• 1 Year Ago
      Protecting our oil interests definitely had an influence on Iraq I, a possible lesser influence on Iraq II, and the fact that our carrier groups are parked off the Persian Gulf most of the time. Anyone think to add that cost into the "subsidy" of big oil? I'm not one to say that we shouldn't be there and that it does have an important impact on American industry. But most people don't hesitate to add every penny they possibly can into "subsidies" of EVs and other alternative forms of transportation. They even count the "loss" of taxes from the tax credit as the hated word "subsidy."
        Marco Polo
        • 1 Year Ago
        @Grendal
        @ Grendal Ironically, Iraq eports the vast majority of it's oil to the PRC ! ( So what those carriers are defending is dubious) . In addition, the absurd policies of the Obama administration mean that the Kurds. are not allowed to sell oil except through Iraq. The Kurds find this situation a little bizzare since without the highly successful Kurdish military intervention, all of Iraq's northern and western oil fields would have fallen into the control of the extremist group ISIS, which is easily defeating Iraq's US trained paper army. The Kurdish State, could easily smash ISIS, but the US refuses to recognise Kurdish independence. Instead supporting an unpopular, and corrupt regime in Iraq. This is even odder, since unlike Iraq, the Kurdish State has not nationalised US oil interests, and is eager to be an ally. ISIS is the creation of the blundering US policies to interfere ( ineptly) with the internal affairs of Syria. Iraq, is a creation of the great powers, in the aftermath of WW1. It was always an artificial nation, peopled by different factions, who have ancient hatreds for one another. The US attempt to patch over, by military force, the mistakes of colonial powers, nearly 100 years ago, has led to disaster, for everyone, including the US. A start to correct these failures would be to abandon US support for the current Iraqi regime, recognise the Kurds as an independent nation (and ally), withdraw from Syrian politics, re-arm the Sunni Iraqi's and with Kurdish assistance, crush the ISIS extremists. ( Oh, and buy the oil from the Kurdish tankers anchored off the US coast ). Maybe then the US navy can return home !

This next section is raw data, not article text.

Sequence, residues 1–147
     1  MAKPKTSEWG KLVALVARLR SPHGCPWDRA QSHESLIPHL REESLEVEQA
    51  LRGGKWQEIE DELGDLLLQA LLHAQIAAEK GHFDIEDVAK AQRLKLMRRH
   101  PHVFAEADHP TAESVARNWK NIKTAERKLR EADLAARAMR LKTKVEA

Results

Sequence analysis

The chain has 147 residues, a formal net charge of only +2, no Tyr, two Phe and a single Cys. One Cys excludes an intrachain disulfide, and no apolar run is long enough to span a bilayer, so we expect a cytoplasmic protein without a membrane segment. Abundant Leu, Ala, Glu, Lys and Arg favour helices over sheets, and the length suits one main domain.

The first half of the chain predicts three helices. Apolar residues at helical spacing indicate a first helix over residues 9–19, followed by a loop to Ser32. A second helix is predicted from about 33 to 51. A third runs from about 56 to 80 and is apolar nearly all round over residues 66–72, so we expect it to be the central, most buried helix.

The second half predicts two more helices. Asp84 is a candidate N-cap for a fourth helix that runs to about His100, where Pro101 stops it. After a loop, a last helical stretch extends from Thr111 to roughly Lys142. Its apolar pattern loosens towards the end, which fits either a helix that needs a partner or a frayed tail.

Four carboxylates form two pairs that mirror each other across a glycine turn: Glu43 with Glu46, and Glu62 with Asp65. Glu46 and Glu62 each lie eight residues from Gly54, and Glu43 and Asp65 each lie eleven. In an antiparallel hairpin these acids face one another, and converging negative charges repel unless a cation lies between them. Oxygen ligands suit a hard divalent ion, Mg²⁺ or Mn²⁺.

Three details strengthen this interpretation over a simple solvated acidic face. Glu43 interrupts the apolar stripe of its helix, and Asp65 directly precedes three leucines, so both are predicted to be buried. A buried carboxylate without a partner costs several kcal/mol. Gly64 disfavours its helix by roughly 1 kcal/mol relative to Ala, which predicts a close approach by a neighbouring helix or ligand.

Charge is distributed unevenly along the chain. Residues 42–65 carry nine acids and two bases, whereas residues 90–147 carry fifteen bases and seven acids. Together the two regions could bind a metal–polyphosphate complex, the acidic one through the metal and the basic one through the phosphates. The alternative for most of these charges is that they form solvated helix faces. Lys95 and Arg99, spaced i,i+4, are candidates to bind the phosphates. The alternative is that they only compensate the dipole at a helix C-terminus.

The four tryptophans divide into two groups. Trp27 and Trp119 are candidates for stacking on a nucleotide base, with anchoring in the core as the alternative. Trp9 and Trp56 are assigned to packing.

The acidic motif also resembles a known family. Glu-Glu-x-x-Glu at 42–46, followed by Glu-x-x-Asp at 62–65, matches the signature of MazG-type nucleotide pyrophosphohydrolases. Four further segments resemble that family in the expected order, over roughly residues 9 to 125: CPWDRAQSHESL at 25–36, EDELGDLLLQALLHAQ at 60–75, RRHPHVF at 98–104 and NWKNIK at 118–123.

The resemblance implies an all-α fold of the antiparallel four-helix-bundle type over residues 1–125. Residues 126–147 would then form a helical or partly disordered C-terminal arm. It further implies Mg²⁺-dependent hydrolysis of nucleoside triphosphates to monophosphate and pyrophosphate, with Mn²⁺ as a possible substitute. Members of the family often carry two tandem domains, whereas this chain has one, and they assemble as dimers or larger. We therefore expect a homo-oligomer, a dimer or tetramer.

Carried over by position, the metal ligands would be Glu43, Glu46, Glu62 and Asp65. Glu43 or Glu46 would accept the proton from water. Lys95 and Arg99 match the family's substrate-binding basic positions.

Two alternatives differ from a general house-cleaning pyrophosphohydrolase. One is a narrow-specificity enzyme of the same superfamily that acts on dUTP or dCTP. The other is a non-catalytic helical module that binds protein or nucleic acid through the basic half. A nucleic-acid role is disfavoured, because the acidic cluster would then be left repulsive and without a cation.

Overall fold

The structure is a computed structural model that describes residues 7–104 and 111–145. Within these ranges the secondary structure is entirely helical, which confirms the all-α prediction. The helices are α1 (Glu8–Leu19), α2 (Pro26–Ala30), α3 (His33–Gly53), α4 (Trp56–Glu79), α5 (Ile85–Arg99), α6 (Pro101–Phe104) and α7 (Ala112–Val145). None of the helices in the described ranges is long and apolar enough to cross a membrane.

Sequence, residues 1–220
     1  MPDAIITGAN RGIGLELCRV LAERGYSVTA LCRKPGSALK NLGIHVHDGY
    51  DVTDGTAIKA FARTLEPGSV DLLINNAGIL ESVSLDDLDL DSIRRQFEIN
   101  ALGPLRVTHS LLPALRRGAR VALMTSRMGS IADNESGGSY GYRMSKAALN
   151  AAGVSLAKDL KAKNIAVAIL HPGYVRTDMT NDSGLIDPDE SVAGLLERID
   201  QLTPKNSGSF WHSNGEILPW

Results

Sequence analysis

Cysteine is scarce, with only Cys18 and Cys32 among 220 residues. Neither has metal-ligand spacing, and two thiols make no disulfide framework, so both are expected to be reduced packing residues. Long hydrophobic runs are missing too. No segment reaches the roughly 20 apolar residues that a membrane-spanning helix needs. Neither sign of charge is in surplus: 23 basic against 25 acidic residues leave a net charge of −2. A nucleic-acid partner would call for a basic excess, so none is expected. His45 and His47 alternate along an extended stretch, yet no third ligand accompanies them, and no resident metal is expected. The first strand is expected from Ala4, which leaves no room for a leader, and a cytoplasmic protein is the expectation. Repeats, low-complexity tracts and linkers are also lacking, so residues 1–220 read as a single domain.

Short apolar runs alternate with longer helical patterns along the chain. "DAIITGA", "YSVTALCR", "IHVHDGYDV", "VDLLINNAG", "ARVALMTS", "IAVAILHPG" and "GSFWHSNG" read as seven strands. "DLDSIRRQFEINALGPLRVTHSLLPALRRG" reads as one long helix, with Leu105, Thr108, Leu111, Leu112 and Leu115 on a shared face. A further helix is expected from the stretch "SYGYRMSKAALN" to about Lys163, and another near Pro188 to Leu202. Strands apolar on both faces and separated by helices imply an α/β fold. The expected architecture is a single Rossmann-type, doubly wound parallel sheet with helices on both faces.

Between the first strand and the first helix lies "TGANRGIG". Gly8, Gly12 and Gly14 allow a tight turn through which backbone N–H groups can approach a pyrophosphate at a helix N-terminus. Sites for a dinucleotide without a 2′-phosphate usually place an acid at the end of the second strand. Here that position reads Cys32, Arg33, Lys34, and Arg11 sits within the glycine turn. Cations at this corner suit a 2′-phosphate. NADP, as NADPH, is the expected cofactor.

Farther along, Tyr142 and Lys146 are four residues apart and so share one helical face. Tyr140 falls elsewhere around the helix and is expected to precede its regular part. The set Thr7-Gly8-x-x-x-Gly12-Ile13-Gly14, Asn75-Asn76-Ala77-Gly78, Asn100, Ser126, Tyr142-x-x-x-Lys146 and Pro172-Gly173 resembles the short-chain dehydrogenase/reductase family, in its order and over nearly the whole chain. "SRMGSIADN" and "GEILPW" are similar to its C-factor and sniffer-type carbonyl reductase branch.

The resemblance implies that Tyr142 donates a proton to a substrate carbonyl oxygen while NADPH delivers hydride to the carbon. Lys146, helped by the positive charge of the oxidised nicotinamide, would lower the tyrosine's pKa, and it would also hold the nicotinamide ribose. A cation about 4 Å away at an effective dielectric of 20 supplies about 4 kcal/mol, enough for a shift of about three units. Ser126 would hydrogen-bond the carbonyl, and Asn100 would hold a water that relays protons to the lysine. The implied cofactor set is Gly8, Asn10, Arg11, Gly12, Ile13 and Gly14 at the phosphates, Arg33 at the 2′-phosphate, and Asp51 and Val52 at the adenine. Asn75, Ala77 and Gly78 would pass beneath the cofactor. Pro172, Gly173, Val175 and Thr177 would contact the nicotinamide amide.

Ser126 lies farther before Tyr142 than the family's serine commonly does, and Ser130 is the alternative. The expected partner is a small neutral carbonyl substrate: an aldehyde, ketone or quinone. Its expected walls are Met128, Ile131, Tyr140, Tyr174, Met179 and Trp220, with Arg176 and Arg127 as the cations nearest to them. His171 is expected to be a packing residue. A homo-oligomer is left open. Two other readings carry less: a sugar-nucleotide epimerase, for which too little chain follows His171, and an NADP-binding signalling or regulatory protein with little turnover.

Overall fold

Grendal
          • 1 Year Ago
          @Marco Polo
          Thanks very much for the political overview of the region. I see it all as one massive convoluted expensive mess.
          Joeviocoe
          • 1 Year Ago
          @Marco Polo